We often hear dogs described as “stubborn.” These are generally dogs of breeds that tend toward independence or dogs of any breed which will refuse to comply with “commands.” As the owner of a Chow mix, I know these stereotypes all too well. This weekend I met a beautiful Beagle that was a conformation, obedience, and agility champion. Beagles specifically but hounds in general are very frequently lumped into the “stubborn breeds” category.
I don’t believe that dogs are stubborn. In most cases of dogs I’ve worked with where clients describe their dogs as stubborn, more often than not the real cause for stubbornness is a poisoned cue. In these instances, the dog has learned that sometimes, the signal which elicits behavior is a predictor of reinforcement but other times, it is a predictor of punishment.
Other times, stubbornness may be a reflection of “learned irrelevance.” This happens when the owner frequently repeats cues when the dog is not offering the behavior in response. Name response is one of the most frequent behaviors to fall into the learned irrelevance trap – “Fluffy! Fluffy! Fluffy! Fluffy! Fluffy! Fluffy!” as the dog is running away, chasing after a squirrel. This reminds me of Stewie Griffin on the Family Guy, saying to Lois, “Mom! Mommy! Mommy! Mom! Mom!” until Lois shouts at him in frustration. In the case of squirrel-chasing Fluffy, when she finally returns to the handler she is given a treat. What has Fluffy learned? a) That running away when you hear your name is highly reinforcing (If she returned the tenth time her name was called, all nine of the previous times her name was said were reinforced with a squirrel chase!) and b) you don’t have to listen to your name the first time to receive reinforcement. You can earn reinforcement for not responding at all, or responding on the tenth, twentieth, or forty-seventh time your name is said.
Is Fluffy stubborn, or just doing what works for her? She is not stubborn, she is offering behavior for which she has a strong reinforcement history.
This weekend, we were lucky enough to welcome world-renowned behaviorist Kathy Sdao to our facility for a two-day seminar called “Get SMART About Reinforcement.” This week on the dogster blog, I’ll be sharing many of the new lessons I learned from Kathy with my readers.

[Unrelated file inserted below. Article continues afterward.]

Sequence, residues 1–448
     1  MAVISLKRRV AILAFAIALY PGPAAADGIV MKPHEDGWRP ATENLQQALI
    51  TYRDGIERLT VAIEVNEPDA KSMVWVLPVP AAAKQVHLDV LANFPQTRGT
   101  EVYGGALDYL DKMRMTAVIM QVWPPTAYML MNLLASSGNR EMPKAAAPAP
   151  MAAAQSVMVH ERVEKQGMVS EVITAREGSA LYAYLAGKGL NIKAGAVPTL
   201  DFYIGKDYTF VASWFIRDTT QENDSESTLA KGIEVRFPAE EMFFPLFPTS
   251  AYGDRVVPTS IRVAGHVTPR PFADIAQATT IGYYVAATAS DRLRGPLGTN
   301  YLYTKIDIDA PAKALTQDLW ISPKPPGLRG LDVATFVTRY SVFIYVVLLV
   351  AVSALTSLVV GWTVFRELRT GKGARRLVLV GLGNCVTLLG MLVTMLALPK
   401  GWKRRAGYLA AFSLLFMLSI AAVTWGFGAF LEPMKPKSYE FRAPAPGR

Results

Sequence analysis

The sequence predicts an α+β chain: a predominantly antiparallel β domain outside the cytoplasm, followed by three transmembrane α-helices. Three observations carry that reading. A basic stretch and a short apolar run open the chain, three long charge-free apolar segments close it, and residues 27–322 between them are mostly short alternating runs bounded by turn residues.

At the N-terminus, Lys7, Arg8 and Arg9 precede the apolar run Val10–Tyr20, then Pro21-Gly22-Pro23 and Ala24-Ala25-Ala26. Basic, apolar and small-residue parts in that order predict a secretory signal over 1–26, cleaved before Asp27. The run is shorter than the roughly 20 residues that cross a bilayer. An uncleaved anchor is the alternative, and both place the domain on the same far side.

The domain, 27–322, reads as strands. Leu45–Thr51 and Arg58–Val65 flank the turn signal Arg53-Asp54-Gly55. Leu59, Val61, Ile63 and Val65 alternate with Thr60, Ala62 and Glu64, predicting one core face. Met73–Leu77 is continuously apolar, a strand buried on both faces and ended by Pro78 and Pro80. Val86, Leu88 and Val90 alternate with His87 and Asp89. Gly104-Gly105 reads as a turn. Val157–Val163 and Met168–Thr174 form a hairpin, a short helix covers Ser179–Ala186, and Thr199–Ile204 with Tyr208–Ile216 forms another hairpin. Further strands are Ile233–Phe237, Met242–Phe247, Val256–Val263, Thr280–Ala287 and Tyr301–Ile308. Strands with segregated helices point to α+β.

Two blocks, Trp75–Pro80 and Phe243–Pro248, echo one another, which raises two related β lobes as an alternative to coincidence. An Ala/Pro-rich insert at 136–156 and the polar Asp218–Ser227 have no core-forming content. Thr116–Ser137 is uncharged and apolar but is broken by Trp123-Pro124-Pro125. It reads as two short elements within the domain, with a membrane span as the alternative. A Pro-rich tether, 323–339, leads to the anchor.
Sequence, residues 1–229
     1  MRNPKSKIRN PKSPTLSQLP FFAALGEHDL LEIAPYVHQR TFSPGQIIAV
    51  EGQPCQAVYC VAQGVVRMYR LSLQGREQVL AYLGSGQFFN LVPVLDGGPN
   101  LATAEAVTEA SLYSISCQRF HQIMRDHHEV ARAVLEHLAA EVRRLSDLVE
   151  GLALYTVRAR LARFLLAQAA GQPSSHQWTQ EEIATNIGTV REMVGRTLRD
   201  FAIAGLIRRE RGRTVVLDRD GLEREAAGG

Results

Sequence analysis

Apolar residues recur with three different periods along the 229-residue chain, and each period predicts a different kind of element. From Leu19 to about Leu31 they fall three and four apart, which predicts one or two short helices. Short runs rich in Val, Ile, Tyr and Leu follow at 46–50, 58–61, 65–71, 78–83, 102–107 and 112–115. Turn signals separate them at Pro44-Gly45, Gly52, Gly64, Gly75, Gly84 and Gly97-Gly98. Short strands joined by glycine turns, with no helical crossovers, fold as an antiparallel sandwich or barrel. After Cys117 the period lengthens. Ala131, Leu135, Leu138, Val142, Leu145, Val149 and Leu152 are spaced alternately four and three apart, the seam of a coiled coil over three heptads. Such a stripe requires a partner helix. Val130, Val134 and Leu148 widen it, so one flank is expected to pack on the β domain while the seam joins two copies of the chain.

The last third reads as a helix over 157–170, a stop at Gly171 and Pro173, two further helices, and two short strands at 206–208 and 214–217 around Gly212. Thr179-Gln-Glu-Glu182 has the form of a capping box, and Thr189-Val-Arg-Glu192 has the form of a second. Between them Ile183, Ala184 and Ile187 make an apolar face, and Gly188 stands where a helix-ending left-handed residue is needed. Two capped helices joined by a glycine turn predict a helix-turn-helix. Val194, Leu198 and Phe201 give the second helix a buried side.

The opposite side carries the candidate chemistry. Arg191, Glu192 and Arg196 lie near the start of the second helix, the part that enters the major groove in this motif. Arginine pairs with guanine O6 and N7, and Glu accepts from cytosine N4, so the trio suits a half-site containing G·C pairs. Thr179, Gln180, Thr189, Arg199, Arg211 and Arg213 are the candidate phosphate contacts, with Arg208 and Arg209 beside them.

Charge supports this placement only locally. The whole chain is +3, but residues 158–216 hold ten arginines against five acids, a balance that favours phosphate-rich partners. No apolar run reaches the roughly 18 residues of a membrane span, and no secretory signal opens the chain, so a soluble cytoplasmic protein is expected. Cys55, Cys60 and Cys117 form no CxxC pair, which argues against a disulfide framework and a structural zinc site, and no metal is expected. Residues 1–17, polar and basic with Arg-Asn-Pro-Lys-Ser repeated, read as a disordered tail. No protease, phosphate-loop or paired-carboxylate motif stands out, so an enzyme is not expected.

Kathy brought up another great point about stubbornness in dogs, that it is often a learned behavior resulting from ineffective luring. Here is an example of how this can occur:
A dog is taught to sit with a food lure. The owner fades the lure within three repetitions of the behavior (which is what I advise to any person using luring – three lures or less then the food is out of the picture or it has the tendency to become part of the cue, creating a “show me the money” dog who only wants to work when there is food in the hand). The behavior is on a hand signal which is then transferred to a verbal cue “sit.” Whenever the owner asks the dog to “sit” and the dog does not offer the behavior, she reaches in her treat bag and pulls out a piece of kibble, again luring the behavior. The dog learns that “if I wait long enough, mom will bring the food out!”
In this case, failure has been reinforced by the appearance of food.
Eventually, the owner tries this maneuver in an environment where kibble will not function as a reinforcer – the dog doesn’t want it. At the dog park, kibble’s not a very exciting “treat.” The owner asks the dog to “sit,” and the dog meanders off to sniff a Beagle’s bum. The owner goes over to her dog and asks for a “sit,” again. This time, the dog chases after a bit. The dog has already been reinforced twice for not responding to the “sit” cue, both times by environmental reinforcers that trump the value of the owner’s kibble.
She chases her dog for three and a half hours and finally catches up to him, exhausted but doggedly determined to get that “sit” behavior. She pulls out her kibble, the dog yawns. She reaches back into her bait pouch and produces a hot dog, again trying to lure the sit behavior. The dog snubs her hot dog, so she brings out the most valuable treat in her repertoire, a slice of steak leftover from last night’s dinner. Finally, Rover sits. She is elated. He has learned that if he holds out long enough, the handler will keep reaching in her treat bag to find a higher valued reinforcer. Not sitting has become an effective way for the dog to train the handler to pull out successively “better stuff.”
The next time she’s at the dog park, the owner starts out with hot dog which Fido again refuses so she automatically pulls out the steak. The dog works for a while, but then decides he doesn’t really want steak anymore and the owner is stumped – what can I use that’s higher value than steak?
You’ll find out tomorrow on the dogster B & T blog!